The difference between providing good or bad customer service in a dealership may be more generational than we recognize. As reported recently in the Philadelphia Inquirer, it has a name – the Service Gap.
No, the Service Gap isn’t a trendy store for military personnel. It is a description of the difference in the way baby boomers (40 to 60 year olds) and members of the “millennial generation” (twenty somethings) identify customer service. According to professors William Withers and Patrick Langan at Wartburg College in Iowa, boomers and millennials have far different social experiences and expectations. Demographics today often place the millennials behind the counter serving the boomer customers. Professor Withers points out that in just 2 shorts years (2010) boomers will make up nearly half the population and control 65 percent of the disposable income. As shoppers, they were shaped in a past era where stores were staffed with well-trained sales people. So, today, they’re standing in front of the counter with expectations that those behind the counter will demonstrate those past era characteristics.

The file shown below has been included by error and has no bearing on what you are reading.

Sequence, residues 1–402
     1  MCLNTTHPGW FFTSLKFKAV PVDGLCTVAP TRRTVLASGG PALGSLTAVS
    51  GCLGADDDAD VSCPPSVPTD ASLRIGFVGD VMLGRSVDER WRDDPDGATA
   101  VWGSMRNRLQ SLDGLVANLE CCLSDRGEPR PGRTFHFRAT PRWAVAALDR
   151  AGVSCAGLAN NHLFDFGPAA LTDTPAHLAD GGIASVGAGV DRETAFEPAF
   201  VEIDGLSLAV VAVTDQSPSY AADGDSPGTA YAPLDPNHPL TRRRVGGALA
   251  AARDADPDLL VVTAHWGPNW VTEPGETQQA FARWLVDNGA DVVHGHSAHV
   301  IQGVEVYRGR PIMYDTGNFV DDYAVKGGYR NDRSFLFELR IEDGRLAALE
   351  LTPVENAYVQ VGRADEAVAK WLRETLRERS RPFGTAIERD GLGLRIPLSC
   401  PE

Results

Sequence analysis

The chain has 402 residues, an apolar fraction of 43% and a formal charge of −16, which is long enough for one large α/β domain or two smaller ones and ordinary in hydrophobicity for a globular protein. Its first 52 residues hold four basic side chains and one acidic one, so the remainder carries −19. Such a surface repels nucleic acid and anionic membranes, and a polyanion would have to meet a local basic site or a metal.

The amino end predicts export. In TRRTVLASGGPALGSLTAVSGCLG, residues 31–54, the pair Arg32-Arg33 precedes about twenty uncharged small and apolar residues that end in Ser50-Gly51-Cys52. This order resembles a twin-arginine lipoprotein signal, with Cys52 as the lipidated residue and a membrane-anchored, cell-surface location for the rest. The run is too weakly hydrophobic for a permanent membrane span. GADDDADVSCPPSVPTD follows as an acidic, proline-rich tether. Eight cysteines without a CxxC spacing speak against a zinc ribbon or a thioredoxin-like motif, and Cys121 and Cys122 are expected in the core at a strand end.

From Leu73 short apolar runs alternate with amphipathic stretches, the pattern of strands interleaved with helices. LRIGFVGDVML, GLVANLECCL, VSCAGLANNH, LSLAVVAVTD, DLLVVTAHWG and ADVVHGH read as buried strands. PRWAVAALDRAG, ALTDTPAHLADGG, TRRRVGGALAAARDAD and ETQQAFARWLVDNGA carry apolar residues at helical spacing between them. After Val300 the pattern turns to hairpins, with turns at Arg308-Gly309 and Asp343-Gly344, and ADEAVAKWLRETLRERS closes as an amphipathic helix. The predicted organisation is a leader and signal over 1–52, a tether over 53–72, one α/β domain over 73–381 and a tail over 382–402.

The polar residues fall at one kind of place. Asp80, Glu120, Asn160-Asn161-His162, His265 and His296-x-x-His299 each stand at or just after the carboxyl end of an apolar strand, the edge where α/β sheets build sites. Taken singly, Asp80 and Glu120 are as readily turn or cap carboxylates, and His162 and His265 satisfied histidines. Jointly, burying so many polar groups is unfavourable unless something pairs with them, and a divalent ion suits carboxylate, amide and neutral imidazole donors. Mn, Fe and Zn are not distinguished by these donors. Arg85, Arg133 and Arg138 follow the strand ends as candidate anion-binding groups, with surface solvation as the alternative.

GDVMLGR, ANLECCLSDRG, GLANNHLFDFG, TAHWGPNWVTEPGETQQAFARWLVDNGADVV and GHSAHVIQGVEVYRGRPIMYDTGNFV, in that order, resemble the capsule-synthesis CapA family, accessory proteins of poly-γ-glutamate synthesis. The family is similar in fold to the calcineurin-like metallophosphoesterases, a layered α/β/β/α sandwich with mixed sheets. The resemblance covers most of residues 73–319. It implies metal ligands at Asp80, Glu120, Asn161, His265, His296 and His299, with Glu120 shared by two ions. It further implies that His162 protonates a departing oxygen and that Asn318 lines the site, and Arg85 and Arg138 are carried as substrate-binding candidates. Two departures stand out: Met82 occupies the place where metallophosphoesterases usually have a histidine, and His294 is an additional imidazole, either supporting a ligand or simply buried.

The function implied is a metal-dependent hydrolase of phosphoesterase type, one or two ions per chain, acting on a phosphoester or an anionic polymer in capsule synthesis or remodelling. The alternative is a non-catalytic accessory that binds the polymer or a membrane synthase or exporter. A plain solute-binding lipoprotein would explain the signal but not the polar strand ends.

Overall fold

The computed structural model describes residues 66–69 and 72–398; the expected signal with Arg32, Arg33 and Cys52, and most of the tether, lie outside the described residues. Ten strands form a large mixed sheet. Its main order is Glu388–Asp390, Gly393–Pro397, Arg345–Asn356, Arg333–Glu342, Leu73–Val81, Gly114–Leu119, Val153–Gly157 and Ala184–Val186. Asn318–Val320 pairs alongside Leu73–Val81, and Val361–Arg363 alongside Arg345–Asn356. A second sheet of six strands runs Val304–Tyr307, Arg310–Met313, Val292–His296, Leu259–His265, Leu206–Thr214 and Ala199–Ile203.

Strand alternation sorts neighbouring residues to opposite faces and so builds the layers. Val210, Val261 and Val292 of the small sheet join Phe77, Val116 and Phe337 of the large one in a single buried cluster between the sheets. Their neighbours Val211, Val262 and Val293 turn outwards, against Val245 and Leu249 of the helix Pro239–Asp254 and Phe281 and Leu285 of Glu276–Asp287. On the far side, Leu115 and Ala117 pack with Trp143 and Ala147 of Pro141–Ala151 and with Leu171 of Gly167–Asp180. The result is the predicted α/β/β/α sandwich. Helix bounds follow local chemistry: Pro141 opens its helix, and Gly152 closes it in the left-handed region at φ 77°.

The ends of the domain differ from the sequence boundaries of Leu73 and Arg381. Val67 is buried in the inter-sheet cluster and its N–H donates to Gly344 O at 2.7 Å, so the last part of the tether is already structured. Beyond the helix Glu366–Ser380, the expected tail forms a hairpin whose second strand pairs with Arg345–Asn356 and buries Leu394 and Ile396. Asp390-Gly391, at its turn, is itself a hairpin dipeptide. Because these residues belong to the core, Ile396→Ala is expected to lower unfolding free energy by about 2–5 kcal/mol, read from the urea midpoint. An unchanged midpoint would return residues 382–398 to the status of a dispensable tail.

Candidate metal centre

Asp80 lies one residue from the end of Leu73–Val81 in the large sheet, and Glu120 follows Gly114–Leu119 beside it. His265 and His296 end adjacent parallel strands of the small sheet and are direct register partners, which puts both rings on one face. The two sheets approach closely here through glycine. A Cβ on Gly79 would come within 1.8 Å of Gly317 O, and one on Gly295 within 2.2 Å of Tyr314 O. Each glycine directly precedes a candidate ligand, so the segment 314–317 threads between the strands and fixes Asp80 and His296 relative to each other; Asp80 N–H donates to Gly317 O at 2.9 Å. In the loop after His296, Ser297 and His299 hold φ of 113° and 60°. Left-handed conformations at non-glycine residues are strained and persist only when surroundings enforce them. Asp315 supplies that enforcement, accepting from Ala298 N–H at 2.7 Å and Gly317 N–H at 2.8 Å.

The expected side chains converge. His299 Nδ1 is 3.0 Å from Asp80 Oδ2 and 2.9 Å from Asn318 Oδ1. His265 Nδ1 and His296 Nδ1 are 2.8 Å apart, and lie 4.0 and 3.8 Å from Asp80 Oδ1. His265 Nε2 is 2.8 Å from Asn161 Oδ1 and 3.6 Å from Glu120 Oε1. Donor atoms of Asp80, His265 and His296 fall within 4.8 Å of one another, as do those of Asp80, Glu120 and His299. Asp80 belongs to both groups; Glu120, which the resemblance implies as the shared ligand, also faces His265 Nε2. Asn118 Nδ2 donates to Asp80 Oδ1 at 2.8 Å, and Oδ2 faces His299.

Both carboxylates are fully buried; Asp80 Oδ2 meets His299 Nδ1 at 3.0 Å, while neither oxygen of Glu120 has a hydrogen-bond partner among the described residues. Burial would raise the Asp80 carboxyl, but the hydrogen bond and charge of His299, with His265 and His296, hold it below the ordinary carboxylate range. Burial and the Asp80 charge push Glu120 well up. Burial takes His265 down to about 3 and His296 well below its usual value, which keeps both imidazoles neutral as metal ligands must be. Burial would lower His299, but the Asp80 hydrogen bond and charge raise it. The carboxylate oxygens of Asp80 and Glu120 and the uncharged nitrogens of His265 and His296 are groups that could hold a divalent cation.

On the other hand, the millennials we frequently place behind our counters haven’t had that same experience. Their shopping background is quite impersonal. They frequently shop on the Internet or by phone. Their social life is also deep into technologies, like text messaging, instant messages or MySpace. No interpersonal relationships. So, if the millennial employee keeps the boomer-customer waiting for service and makes that customer feel like he’s interrupting, the employee will see no problem and label the customer cranky.
“They’re clueless,” says Franni Segal, a boomer and travel agent with a degree in retailing. They’re more interested in talking to their friends,” she says, referring to the millennials behind the counter. “Today when you go into a store they’re not interested in you’re your needs. With that kind of service you get now you might as well be on the Internet,” she adds.
Professor Withers contends that generally, younger people “who are coming up in the service sector are just another breed of cat. They have interpersonal skills that we’re finding are underdeveloped,” he says. But he also blames this kind of Service Gap, at least in part, on employers. Many lack the time or money to properly train the millennials, he contends.
The message is clear. We must make time to train and communicate our dealership’s culture of customer service to all employees, particularly those who fall into the millennial group.